February 10, 2015
Weekly legislative update
Last week in the Kansas Legislature
The Kansas House of Representatives and Kansas Senate passed legislation to reduce spending in state government for Fiscal Year 2015 by $247.6 million. The bill was sent to the governor's desk for signature. On Thursday, Feb. 5, the governor announced additional allotments for higher education and K-12 education. These allotments amounted to $44.5 million for Fiscal Year 2015. The reduction to higher education is 2 percent, which totals $16.2 million. Read the release announcing the allotments.
This week in the legislature
Several hearings on bills and issues pertaining to Kansas State University and higher education will be heard in House and Senate committees this week. The Senate Education Subcommittee and the House Education Budget Committee will continue hearings on the governor's budget recommendations for fiscal years 16 and 17 for higher education and higher education institutions.
President Kirk Schulz will testify at 7 a.m. Feb. 12 before the Senate Education Subcommittee. Later that day President Schulz will testify before the House Education Budget Committee. The testimony will be posted on Friday, Feb. 13.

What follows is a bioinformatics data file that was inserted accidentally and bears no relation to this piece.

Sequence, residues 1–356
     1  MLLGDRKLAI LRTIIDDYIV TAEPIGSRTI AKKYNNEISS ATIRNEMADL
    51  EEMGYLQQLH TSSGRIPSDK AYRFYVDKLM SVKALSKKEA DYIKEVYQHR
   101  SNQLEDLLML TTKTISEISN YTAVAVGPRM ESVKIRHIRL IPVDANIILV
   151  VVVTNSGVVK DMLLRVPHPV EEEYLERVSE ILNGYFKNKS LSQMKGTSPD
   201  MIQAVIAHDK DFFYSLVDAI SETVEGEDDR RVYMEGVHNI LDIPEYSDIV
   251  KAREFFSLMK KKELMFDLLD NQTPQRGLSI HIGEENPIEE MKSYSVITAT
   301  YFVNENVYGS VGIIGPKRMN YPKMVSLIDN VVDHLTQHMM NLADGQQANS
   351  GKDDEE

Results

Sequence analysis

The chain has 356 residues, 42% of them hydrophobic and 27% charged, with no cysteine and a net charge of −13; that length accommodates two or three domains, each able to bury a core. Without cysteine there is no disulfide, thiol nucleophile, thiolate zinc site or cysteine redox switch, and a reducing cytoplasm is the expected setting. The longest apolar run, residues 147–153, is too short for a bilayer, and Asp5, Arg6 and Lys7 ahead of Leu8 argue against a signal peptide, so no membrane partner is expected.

In committee activity this week
On Tuesday, Feb. 10, the Senate and House Judiciary Committees will have hearings on the Lifeline 911 bills, which has been proposed by Kansas State University Student Body President Reagan Kay.
President Kays and other students will testify in support of the legislation. The intent of the proposed legislation is to grant limited immunity from a state's Minor in Possession, or MIP, and Minor in Consumption, or MIC, of alcohol charge in certain circumstances where they make contact with officials during a medical emergency of a minor. If this legislation is approved in Kansas, it would give young people the confidence to pick up the phone and call 911 to look out for the safety of their friends, colleagues and acquaintances. A simple phone call could save students from alcohol related tragedies.
Other hearings of interest this week, include a hearing on Senate Bill 161 in the Senate Ways and Means Committee. This legislation will allow the Kansas Board of Regents to govern leave time for university support staff as they always have with classified employees. Also the legislation to allow the issuance of bonds for the KPERS system will be heard by the House Pensions and Benefits Committee.
For information on these issues or to sign-up for bill tracking on bills impacting higher education and state government please send a request to email@example.com.
Activities in the State Capitol this week:
Feb. 10 — State Higher Education Day
Feb. 11 — Undergraduate Research Day
Feb. 12 — Graduate Research Day